Gasoline prices continuing to hover well over $3 per gallon helped to entice more U.S. drivers to buy more cars than light trucks last month. In fact, May 2002 marked the last time cars outsold light trucks. Of the 1,555,374 new light vehicles sold in May, 778,651 were cars and 776,723 were light trucks.
Small cars continue to dominate the car segment in terms of sales growth—11.7% growth compared to May 2005—while growth of CUVs continues to outpace all other light-truck segments with its 28.2% growth. Automakers are heavily promoting CUVs, and consumers are becoming more aware of the gas-saving benefits of driving smaller crossovers.
Despite gasoline prices being 8% higher this past May compared to the same month last year, consumers purchased more trucks last month compared to the previous year. The redesign of the Chevrolet Silverado helped it take the top spot away from the Ford F-Series by growing 15.3% from last year’s sales. Rebates and a total redesign helped boost Toyota Tundra sales 122.3% this May compared to last year.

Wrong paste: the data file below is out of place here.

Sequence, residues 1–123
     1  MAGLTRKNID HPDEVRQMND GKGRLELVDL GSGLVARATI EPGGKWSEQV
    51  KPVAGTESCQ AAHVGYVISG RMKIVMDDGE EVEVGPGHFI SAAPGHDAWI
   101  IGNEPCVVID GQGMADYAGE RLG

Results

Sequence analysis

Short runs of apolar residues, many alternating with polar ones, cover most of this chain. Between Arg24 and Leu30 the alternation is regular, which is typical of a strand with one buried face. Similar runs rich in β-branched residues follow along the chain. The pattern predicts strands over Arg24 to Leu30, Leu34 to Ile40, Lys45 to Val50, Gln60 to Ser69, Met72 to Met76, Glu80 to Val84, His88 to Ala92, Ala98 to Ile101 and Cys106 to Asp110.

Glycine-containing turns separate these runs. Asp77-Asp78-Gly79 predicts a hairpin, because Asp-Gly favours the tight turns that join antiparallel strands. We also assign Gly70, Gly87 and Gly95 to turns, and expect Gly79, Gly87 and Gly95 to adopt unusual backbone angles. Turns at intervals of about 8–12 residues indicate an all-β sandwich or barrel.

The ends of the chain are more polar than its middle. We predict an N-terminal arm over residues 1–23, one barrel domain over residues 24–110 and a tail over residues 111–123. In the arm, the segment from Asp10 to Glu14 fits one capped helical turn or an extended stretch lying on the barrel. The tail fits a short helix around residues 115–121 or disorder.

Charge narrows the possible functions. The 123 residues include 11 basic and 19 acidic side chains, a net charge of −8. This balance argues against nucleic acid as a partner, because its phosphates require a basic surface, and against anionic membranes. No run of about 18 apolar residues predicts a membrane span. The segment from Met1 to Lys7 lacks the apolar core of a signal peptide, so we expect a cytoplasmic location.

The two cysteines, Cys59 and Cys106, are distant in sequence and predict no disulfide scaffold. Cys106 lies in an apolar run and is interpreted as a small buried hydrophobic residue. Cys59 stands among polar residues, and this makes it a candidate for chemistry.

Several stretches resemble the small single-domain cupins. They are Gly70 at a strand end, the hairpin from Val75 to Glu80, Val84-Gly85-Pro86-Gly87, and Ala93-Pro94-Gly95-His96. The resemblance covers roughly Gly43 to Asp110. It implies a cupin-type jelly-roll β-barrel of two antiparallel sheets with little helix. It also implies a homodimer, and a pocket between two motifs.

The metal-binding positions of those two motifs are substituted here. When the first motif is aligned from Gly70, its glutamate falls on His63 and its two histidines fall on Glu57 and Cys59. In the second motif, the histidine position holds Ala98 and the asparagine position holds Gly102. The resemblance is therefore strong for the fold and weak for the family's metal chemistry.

On the car side, the Honda Civic, Chevrolet Impala and Toyota Prius experienced the highest sales growth. Toyota increased Prius output this year to meet the growing demand of this gas-saving hybrid, which grew 196.3% in sales compared to last May.
A host of factors have contributed to the shift to more cars being sold. Gasoline prices, along with overall inflation, have led more consumers to buy lesser expensive vehicles that have better fuel economy compared to larger cars and SUVs. However, shifts in vehicle-buying behavior may not be permanent, as shown by the growth in sales of trucks last month. The tables below show sales for each of the vehicle segments, along with the top 10 selling cars and light trucks in May.
Source: SEMA Research & Information Center